on May 20, 2013
First, let me tell you what this book is not:
It is not "art", neither "thinking", neither "clearly". In fact, let me quote from the "Introduction":
"This is not a how-to book. You won't find "seven steps to an error-free life...Although this book may not hold the key to happiness, at the very last it acts as insurance against too much self-induced unhappiness...If we could learn to recognize and evade the biggest errors in thinking...we might experience a leap in prosperity."
So the title should be "How to recognize mistakes that cause us to act irrationally".
Then you would search for the "Art of Recognition". How do I prevent myself from committing these errors, how do I recognize that my thinking is indeed influenced by cognitive errors, fallacies, biases? Here you find no help. Say, you finish reading the book and then face a decision that could be crucial, yet you instinctively sense (gut feeling is at work here) the danger of a thinking error. Would you quickly go over every one of the 99 listed biases to check for these errors? What kind of quick check could you use to ensure you are acting rationally? What would warn you? What is the art?
Second, let me tell you what this book is:
A list of 99 fallacies, biases that influence our thinking and actions (i.e. "personification, confirmation bias, hindsight bias, etc.) and in fact, if the title would be "Fallacies and biases" I would give it a five star.
But shortly after you start reading this book, you realize that it is indeed "just" a list of errors, with brief explanations of their nature, occurrence and evolution. Yes, there are the stories and facts to back them up. Yet there is not a hint to know or recognize the risk when you face them.
At the end the book is a good read. But the practical use of such lists is quite limited. It is a database, but not an algorithm.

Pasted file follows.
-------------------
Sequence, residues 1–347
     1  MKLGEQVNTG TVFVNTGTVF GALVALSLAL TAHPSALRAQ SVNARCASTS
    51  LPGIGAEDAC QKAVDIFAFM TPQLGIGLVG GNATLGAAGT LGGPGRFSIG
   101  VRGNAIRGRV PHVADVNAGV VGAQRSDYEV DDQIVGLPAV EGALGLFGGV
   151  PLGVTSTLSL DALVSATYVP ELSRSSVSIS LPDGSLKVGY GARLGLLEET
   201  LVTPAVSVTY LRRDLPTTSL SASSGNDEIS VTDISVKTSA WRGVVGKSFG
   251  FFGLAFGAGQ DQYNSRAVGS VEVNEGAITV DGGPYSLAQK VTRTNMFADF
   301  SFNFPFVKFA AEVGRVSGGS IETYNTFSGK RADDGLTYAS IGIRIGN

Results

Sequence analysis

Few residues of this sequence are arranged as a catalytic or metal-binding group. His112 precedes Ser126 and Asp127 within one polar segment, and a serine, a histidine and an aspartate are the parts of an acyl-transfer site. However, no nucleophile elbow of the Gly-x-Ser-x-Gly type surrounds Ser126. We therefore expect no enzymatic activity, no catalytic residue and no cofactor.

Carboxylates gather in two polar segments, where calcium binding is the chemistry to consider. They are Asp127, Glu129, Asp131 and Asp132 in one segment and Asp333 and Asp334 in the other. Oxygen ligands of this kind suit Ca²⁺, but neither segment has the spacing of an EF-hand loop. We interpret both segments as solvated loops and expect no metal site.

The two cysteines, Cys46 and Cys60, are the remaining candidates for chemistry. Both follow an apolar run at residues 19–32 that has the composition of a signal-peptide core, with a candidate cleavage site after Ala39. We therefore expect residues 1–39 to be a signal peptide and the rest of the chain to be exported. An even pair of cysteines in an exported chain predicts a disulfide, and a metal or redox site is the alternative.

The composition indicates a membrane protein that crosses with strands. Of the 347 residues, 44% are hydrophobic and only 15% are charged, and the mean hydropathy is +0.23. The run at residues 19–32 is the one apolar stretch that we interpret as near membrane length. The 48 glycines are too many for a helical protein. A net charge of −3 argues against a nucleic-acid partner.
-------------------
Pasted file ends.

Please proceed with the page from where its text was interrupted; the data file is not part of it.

on April 28, 2013
I am interested in the concept of "self help" books. Most of them follow the formula - "do as I say, and you'll be happier, wealthier, more productive, etc."
This book is a departure, a welcome departure, from such reads. It is a true "self help" book, with the emphasis on self, because the author does not seek to stuff ideas down your throat. Instead, he presents a series of short, cogent articles that clearly illustrate fallacies and shortcomings in our thinking today. By supporting them with real life examples, he provides the thinking reader with some new ammunition in cutting through some of the "fluff" that defines modern communications.
I have really taken my time reading this book, and now that I am at the end I will start again. Each short chapter deserves your full attention if you are to get the most from it. You will find yourself asking - but how does this idea relate to a previous one that seems, at first glance, to be contradictory? Helpfully, the author calls out any apparent paradoxes and explains their coexistence quite rationally - I found that I was not dissatisfied with any of his explanations.
Back to the "self" aspect - the end of each chapter contains some small advice to assist you in dealing with the fallacy that has been exposed in the chapter, but I find that the greatest value is in relating the subject matter of the chapter to your own experience before reading the advice - you will get much more out of it that way.
My final piece of advice? Read this book like a child using a playground - dip in again and again and again. You are never really finished reading it - instead I recommend turning it into a habitual read - something you continually refer back to.